Results tagged “astronomy”

In 2019, the MAGIC telescopes detected the first Gamma Ray Burst at very high energies.

An important breakthrough in how we can understand dead star collisions and the expansion of the Universe has been made by an international team, led by the University of East Anglia.

Hubble Sees Sculpted Galaxy NGC 7513

Captured by the NASA/ESA Hubble Space Telescope, this image shows NGC 7513, a barred spiral galaxy. Located approximately 60 million light-years away, NGC 7513 lies within the Sculptor constellation in the Southern Hemisphere.

The molecular gas in galaxies is organised into a hierarchy of structures.

Lithium is becoming common in our everyday lives. It is the key ingredient in the batteries of our mobile phones and electric vehicles, but have you ever wondered where it comes from?

Astronomers created a stunning new image showing celestial fireworks in star cluster G286.21+0.17.

With a specialised telescope in Namibia a DESY-led team of researchers has proven a certain type of binary star as a new kind of source for very high-energy cosmic gamma-radiation.

The young star HBC 672 is known by its nickname of Bat Shadow because of its wing-like shadow feature.

The galaxy known as NGC 5907 stretches wide across this image. Appearing as an elongated line of stars and dark dust, the galaxy is categorized as a spiral galaxy just like our own Milky Way.

Astronomers have discovered the second-most distant quasar ever found using three Maunakea Observatories in Hawai'i: W. M. Keck Observatory, the international Gemini Observatory, a Program of NSF's NOIRLab, and the University of Hawai'i-owned United Kingdom Infrared Telescope (UKIRT).

When the most massive stars die, they collapse under their own gravity and leave behind black holes; when stars that are a bit less massive die, they explode in supernovas and leave behind dense, dead remnants of stars called neutron stars.

As nuclear fusion engines, most stars live placid lives for hundreds of millions to billions of years.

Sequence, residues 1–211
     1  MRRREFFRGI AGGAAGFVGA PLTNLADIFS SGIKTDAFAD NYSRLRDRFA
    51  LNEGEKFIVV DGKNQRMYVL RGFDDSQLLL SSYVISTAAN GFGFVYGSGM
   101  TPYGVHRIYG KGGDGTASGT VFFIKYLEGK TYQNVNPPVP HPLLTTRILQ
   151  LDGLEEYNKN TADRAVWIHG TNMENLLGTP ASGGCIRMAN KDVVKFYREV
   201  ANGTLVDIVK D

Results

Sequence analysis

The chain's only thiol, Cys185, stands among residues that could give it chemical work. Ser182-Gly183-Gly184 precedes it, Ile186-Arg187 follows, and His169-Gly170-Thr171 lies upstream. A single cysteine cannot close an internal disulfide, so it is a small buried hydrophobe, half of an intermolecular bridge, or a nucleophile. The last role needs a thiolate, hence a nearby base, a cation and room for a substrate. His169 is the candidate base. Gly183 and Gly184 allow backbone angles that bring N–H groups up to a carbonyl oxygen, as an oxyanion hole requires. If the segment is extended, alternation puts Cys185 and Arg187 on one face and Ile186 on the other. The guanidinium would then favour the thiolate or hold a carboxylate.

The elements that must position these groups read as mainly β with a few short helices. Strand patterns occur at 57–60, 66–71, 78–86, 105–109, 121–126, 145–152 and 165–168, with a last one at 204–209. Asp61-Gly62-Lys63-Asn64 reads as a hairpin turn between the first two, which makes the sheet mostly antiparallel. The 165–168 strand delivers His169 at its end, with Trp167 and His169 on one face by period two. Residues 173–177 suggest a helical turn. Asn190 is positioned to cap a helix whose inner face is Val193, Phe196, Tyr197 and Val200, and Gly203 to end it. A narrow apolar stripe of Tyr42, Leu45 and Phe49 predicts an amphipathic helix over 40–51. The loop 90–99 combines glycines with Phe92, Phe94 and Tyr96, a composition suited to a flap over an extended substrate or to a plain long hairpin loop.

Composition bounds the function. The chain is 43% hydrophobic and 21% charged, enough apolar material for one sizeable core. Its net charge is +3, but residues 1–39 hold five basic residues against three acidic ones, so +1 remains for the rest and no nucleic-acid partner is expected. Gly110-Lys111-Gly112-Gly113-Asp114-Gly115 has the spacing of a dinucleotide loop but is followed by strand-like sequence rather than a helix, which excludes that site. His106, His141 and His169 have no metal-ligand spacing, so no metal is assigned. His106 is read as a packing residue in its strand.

A Black Hole's Heart Is Still Beating

The first confirmed heartbeat of a supermassive black hole is still going strong more than ten years after first being observed.

A new research paper co-authored by a Virginia Tech assistant professor of physics provides a new explanation for two recent strange events that occurred in Antarctica - high-energy neutrinos appearing to come up out of the Earth on their own accord and head skyward.

Almost like snowflakes, the stars of the globular cluster NGC 6441 sparkle peacefully in the night sky, about 13,000 light-years from the Milky Way's galactic center.

NASA's Solar Terrestrial Relations Observatory, or STEREO-A spacecraft, captured these images of comet ATLAS as it swooped by the Sun from May 25 - June 1.

Scientists have detected gamma rays from the Crab Nebula, the most famous of supernova remnants, using a next-generation telescope that opens the door for astrophysicists to study some of the most energetic and unusual objects in the universe.

Determined to find a needle in a cosmic haystack, a pair of astronomers time traveled through archives of old data from W. M. Keck Observatory on Maunakea in Hawaii and old X-ray data from NASA's Chandra X-ray Observatory to unlock a mystery surrounding a bright, lensed, heavily obscured quasar.

New results from the NASA/ESA Hubble Space Telescope suggest the formation of the first stars and galaxies in the early universe took place sooner than previously thought.

About 3.5 million years ago, the supermassive black hole at the center of our Milky Way galaxy unleashed an enormous burst of energy.

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